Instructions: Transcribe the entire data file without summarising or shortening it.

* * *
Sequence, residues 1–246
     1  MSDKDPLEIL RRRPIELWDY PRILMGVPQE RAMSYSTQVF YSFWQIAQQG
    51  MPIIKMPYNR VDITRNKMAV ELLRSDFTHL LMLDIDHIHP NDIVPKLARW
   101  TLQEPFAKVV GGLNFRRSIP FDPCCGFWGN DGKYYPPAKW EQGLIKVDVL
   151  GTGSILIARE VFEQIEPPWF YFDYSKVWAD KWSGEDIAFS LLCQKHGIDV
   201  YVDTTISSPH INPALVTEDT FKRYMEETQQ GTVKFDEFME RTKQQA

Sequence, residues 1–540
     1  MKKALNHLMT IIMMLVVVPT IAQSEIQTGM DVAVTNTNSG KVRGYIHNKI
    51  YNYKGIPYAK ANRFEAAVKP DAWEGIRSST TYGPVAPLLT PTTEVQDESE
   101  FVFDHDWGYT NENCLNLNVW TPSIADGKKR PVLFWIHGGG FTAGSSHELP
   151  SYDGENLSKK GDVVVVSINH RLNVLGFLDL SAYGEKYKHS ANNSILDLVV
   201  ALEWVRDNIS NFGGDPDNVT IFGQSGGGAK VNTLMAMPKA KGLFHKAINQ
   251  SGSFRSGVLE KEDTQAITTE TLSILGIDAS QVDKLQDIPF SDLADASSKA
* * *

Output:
Sequence, residues 1–246
     1  MSDKDPLEIL RRRPIELWDY PRILMGVPQE RAMSYSTQVF YSFWQIAQQG
    51  MPIIKMPYNR VDITRNKMAV ELLRSDFTHL LMLDIDHIHP NDIVPKLARW
   101  TLQEPFAKVV GGLNFRRSIP FDPCCGFWGN DGKYYPPAKW EQGLIKVDVL
   151  GTGSILIARE VFEQIEPPWF YFDYSKVWAD KWSGEDIAFS LLCQKHGIDV
   201  YVDTTISSPH INPALVTEDT FKRYMEETQQ GTVKFDEFME RTKQQA

Sequence, residues 1–540
     1  MKKALNHLMT IIMMLVVVPT IAQSEIQTGM DVAVTNTNSG KVRGYIHNKI
    51  YNYKGIPYAK ANRFEAAVKP DAWEGIRSST TYGPVAPLLT PTTEVQDESE
   101  FVFDHDWGYT NENCLNLNVW TPSIADGKKR PVLFWIHGGG FTAGSSHELP
   151  SYDGENLSKK GDVVVVSINH RLNVLGFLDL SAYGEKYKHS ANNSILDLVV
   201  ALEWVRDNIS NFGGDPDNVT IFGQSGGGAK VNTLMAMPKA KGLFHKAINQ
   251  SGSFRSGVLE KEDTQAITTE TLSILGIDAS QVDKLQDIPF SDLADASSKA